How pull vs. push information delivery and social proof affect information disclosure in location based services
Johannes Klumpe (),
Oliver Francis Koch () and
Alexander Benlian ()
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Johannes Klumpe: Technische Universität Darmstadt
Oliver Francis Koch: Technische Universität Darmstadt
Alexander Benlian: Technische Universität Darmstadt
Electronic Markets, 2020, vol. 30, issue 3, No 11, 569-586
Abstract With the boom of the app economy, users’ location information has become an increasingly valuable differentiator to deliver personalized products and services, yet continues to raise severe privacy concerns. While research on information privacy has paid great attention on explaining and predicting factors of information disclosure decisions, there is still a significant gap in terms of how app providers can combine different mechanisms in the design of their apps to effectuate better disclosure outcomes. Drawing on a randomized online experiment with 143 smartphone users, we analyze how pull (i.e., services with user-controlled position awareness) and push (i.e., demanding always-on access location tracking) information delivery and social proof cues separately and jointly affect users’ actual location information disclosure. The results reveal that both strategies increase actual location information disclosure via two distinct mediation paths. While pull information delivery mitigates users’ privacy concerns, social proof increases their trusting beliefs. However, when both strategies are employed together, we found that social proof overrides the effect of pull information delivery mechanisms.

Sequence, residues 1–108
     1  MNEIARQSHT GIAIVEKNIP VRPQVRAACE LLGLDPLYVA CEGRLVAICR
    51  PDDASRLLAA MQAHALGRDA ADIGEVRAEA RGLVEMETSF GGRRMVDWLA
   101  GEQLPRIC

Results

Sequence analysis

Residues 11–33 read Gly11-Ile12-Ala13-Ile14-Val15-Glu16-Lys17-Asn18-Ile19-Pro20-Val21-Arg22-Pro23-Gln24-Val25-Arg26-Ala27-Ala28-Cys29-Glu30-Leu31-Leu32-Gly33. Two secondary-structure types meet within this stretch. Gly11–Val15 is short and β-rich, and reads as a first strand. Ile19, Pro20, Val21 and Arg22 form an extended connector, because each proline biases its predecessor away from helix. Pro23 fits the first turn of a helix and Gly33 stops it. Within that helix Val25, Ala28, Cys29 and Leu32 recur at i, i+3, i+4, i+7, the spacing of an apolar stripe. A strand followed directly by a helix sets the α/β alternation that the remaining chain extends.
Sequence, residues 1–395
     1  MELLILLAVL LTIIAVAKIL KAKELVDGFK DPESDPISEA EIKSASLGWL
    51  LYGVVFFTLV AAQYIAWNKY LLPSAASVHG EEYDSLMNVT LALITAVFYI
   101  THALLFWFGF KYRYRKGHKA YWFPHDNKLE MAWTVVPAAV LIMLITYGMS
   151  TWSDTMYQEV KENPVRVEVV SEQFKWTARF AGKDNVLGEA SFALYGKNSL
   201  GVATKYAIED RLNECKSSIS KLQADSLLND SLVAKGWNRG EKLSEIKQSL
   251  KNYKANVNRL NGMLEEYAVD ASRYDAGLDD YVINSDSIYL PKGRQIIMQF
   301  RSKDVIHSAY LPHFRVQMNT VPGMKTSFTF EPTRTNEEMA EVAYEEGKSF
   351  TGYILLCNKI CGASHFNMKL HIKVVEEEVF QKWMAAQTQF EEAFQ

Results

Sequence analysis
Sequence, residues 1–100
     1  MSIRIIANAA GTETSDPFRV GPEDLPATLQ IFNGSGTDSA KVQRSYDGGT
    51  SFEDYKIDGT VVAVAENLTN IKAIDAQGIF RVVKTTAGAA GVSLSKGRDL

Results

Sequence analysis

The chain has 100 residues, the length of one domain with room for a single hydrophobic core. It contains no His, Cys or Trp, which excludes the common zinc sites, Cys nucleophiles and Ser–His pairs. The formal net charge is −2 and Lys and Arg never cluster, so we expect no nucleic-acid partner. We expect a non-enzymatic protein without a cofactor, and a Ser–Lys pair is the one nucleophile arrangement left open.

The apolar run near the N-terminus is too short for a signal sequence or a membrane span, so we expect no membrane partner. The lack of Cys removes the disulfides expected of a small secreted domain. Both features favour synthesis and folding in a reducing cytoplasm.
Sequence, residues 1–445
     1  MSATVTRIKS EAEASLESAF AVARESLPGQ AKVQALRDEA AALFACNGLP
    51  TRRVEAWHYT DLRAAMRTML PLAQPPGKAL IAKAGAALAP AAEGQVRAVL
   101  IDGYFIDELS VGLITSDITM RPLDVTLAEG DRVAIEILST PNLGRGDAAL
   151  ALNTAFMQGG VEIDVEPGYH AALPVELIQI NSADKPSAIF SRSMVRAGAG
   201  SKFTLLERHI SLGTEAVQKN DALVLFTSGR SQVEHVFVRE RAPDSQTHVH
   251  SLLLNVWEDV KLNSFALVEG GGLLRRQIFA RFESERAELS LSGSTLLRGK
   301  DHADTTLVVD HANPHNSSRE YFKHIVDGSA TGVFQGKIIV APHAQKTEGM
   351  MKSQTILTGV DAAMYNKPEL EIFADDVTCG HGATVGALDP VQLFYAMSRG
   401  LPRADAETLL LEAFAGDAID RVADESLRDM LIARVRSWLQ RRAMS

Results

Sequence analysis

Keywords: Location based services; Pull information delivery; Social proof; Location disclosure; Privacy concerns; Trust (search for similar items in EconPapers)
JEL-codes: L86 C91 D81 (search for similar items in EconPapers)
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